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Pollen Loads and Progeny Vigor in Cucurbita pepo: The Next Generation
Carl D. Schlichting, Andrew G. Stephenson, Leslie E. Small and James A. Winsor
Vol. 44, No. 5 (Aug., 1990), pp. 1358-1372
Published by: Society for the Study of Evolution
Stable URL: http://www.jstor.org/stable/2409295
Page Count: 15
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Previous research on the Black Beauty bush cv. of zucchini has documented a strong positive relationship between the size of the pollen load and the vigor (performance) of the progeny. Here we report the results of three studies designed to test the hypothesis that the previously observed differences in progeny vigor are heritable. Two studies examined the transmission of the pollen load effect to subsequent generations through the ovules (female role). The third study determined if there is genetic variation for pollen performance and if the pollen load effect could be transmitted to a subsequent generation through the pollen (male role). In each of these studies the vigor of the progeny from the subsequent generation was evaluated in the greenhouse and/or the field. The results of these studies reveal (1) that the ability to sire seeds does respond to selection imposed by high pollen loads, (2) that only 23 of the 35 total traits that we measured in the three studies of transmission to subsequent generations changed in the direction predicted by the pollen competition hypothesis, (3) that only 5 of the 35 traits were significantly affected by the size of the pollen load that produced the previous generation (but all 5 were in the direction predicted by the pollen competition hypothesis), and (4) that only one study produced an overall significant difference (MANOVA) attributable to the size of the pollen load that produced the previous generation (but it too was in the direction predicted by the pollen competition hypothesis). From these experiments we conclude that pollen competition appears to play a real but minor role in the production of differences in vigor between progeny arising from low versus high pollen loads. In Black Beauty bush cv. of zucchini, maternal effects, pollen-pistil interactions, or nonrandom patterns of seed abortion must play important roles as well.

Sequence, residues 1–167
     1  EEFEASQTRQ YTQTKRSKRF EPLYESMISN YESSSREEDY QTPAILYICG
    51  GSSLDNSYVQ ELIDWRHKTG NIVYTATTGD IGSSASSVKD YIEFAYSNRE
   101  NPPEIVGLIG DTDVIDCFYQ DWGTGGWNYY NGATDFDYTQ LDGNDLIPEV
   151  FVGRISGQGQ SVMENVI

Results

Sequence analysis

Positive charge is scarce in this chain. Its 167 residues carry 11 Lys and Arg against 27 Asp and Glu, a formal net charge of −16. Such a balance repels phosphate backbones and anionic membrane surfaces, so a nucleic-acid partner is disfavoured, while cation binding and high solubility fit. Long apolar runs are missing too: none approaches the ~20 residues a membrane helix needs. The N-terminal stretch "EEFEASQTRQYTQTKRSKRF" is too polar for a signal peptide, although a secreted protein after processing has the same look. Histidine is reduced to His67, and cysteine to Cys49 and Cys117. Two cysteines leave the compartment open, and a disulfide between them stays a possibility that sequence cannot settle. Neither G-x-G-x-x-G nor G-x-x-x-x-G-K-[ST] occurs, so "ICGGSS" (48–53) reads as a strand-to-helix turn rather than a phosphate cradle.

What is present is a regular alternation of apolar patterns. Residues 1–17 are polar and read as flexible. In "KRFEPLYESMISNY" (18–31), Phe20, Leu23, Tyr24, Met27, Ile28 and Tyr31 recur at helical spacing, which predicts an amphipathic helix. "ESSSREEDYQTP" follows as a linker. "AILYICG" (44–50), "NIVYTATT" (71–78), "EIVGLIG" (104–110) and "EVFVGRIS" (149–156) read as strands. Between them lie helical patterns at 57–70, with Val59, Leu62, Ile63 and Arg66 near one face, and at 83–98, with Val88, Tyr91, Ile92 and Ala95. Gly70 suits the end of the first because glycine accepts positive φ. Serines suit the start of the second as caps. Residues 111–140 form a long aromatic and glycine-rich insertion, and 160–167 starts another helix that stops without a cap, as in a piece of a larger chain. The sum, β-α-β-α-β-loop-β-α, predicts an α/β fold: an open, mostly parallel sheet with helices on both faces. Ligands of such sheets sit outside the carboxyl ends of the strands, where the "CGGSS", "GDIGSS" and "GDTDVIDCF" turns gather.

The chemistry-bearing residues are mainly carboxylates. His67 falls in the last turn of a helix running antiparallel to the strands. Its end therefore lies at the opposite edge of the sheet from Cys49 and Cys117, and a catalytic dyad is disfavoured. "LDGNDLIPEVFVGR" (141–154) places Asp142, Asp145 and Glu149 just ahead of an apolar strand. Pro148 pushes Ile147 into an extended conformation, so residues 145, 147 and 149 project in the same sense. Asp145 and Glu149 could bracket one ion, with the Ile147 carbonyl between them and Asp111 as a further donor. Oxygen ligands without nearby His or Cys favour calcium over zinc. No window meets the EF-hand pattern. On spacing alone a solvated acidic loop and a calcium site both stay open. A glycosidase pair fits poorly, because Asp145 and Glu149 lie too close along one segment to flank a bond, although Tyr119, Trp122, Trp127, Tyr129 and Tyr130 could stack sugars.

Evolution © 1990 Society for the Study of Evolution